Children love sensory play, messy science experiments, and hands-on activities. While it seems like children are “just playing” during this time, they are actually learning quite a bit. Hands on play activities are important for children to develop and practice many different skills.
In this post, Mary Catherine, author of Fun-A-Day is sharing the importance of hands-on learning and what children really do discover through different play opportunities:
Recently, my children played with a Coffee and Flower Sensory Bin. During that activity, they:
• Explored their senses
o Smell — The coffee beans gave off a unique scent, which most of the children enjoyed. A few thought it smelled “extra stinky” though.
o Sight — Looking at the different colors and shapes of the beans, the play dough, and the fake flowers
o Hearing — The beans made a fun sound as they cascaded through the children’s hands.
o Touch — Each item in the sensory bin had a different texture to it, which some of the kids commented on.
o Taste — Thank goodness they decided against eating a coffee bean. I just don’t think they would have cared for the taste!
• Worked on their math skills
o They compared sizes with the larger coffee beans and the smaller black beans.
o They discussed more and less while scooping handfuls of the beans.
o They counted as they added beans to the play dough.
• Used their fine motor skills
o Placing the beans into the play dough required the children to use their pincer grasp, which is helpful in developing the muscles required for writing.
o Kneading and playing with the play dough gave the kids a chance to strengthen the muscles in their hands.
• Discussed what they’d learned about flowers and plants
o One of the girls pointed out the flowers were fake. She then went on to talk about petals, leaves, and roots.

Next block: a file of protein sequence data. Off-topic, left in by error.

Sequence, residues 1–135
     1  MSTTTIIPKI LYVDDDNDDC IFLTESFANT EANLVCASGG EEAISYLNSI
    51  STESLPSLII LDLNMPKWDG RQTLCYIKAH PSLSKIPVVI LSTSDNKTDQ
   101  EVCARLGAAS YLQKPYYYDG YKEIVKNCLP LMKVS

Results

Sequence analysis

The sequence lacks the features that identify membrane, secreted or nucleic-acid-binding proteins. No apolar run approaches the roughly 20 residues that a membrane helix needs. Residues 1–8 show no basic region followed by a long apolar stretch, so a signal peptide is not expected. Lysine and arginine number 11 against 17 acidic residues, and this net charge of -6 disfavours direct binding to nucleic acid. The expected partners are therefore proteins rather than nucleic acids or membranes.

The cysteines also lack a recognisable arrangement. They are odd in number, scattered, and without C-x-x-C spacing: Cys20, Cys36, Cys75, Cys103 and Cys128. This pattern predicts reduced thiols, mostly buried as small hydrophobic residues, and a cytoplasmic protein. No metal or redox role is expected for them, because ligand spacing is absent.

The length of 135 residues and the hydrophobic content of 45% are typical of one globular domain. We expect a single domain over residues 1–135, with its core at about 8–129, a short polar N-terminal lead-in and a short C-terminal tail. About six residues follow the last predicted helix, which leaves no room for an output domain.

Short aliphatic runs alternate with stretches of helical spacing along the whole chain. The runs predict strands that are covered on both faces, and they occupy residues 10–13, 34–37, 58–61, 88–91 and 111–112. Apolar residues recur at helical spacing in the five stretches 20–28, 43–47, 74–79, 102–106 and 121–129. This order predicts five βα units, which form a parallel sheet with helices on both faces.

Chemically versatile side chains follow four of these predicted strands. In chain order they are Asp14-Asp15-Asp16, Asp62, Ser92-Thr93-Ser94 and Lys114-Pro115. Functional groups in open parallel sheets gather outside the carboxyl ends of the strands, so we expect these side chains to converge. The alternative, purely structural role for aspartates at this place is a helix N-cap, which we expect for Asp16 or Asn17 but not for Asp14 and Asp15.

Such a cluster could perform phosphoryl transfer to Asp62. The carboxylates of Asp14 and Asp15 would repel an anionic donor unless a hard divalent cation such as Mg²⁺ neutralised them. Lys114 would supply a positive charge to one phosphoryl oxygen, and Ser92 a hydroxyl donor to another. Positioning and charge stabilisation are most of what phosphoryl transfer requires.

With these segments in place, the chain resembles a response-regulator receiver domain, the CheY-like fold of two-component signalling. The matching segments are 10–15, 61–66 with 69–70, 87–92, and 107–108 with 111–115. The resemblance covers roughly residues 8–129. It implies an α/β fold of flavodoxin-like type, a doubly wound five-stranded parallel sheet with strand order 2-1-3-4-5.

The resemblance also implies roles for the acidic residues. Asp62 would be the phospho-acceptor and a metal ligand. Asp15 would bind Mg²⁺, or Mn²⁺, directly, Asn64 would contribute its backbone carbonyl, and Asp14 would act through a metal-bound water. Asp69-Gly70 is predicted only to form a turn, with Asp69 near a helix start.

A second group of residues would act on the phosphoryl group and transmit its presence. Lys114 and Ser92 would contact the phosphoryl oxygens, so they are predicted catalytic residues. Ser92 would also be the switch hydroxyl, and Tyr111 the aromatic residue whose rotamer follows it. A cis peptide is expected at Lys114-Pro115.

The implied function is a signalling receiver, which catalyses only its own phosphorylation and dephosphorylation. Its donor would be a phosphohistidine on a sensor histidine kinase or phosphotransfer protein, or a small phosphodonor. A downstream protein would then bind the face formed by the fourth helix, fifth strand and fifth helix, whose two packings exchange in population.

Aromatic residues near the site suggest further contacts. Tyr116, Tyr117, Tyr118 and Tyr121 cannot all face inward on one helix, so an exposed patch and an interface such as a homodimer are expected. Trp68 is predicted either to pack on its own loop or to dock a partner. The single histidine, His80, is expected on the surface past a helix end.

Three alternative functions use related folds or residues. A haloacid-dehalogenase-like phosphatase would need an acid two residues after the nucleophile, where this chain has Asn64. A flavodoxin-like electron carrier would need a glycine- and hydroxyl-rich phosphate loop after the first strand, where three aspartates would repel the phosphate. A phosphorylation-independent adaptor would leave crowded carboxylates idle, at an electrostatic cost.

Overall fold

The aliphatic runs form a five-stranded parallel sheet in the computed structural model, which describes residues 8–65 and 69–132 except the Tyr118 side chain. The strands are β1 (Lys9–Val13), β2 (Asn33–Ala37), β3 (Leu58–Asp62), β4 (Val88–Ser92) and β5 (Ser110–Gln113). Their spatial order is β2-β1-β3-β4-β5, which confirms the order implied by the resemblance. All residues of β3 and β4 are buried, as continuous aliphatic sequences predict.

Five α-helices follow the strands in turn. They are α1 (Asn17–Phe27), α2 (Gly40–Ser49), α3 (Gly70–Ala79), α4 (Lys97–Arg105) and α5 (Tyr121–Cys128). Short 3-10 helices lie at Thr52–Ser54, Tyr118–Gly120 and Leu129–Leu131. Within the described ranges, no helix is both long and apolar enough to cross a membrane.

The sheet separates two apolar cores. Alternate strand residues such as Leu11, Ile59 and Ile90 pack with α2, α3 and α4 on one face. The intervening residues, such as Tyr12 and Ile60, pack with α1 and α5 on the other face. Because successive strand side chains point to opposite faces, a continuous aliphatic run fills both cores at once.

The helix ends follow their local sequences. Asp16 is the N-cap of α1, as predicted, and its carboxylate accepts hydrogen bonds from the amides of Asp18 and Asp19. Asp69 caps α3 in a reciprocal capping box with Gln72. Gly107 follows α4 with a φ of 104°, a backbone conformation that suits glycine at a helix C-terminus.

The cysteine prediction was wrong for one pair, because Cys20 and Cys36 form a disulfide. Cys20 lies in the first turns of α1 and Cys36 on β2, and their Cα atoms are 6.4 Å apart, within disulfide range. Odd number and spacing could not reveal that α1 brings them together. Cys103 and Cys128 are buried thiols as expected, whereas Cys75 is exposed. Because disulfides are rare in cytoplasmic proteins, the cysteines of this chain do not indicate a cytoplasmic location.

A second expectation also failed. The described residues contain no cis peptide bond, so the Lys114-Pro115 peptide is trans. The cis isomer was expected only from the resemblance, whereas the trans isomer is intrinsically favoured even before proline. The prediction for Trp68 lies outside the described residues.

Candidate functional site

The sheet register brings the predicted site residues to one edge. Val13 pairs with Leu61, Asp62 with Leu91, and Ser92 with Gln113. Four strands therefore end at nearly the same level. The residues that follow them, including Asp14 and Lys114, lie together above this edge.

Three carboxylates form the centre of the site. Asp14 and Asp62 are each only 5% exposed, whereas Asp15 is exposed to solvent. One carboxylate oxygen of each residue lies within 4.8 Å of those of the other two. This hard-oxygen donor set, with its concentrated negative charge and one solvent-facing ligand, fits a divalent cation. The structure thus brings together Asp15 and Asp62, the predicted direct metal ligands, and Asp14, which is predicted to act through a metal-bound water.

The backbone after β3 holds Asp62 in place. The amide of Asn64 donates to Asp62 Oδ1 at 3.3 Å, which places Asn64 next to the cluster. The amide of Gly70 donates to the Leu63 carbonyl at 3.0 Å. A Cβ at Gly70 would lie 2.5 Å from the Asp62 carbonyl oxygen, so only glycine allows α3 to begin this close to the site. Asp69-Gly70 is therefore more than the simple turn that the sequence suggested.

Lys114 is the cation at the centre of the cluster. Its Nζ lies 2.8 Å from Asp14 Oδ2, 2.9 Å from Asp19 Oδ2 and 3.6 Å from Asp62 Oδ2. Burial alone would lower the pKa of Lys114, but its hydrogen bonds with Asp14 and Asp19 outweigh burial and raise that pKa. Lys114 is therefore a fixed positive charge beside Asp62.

o In relation to her comment, another child explained that we had to use fake flowers because real flowers needed soil, water, and sunlight to grow. “The dirt is pretend dirt. It’s just not dirty enough!”
• Developed their language and conversation skills
o The kids made up a story as they played in this sensory bin. It was about an alligator who was planting flowers in his swamp. They took turns adding parts of the story.
Even better, all of this learning took place while the children were having FUN! Children learn by exploring the world around them, asking questions, and “just playing”. Encouraging a kid’s natural curiosity helps build a foundation for life-long learning.
Hands on fun is a wonderful way for children to fall in love with learning and discovery! Get more ideas here:
About the Author:
Mary Catherine is mama to a very curious 6-year old boy, teacher to a fun group of pre-kindergartners, and caregiver to a gaggle of children of all ages. She has a background in teaching kindergarten and is passionate about early literacy. Mary Catherine loves science fiction books, traveling, and messy science experiments with her son. Stop by Fun-A-Day for more learning fun, or find Mary Catherine on facebook or Pinterest. Images belong to Mary Catherine and Fun-A-Day.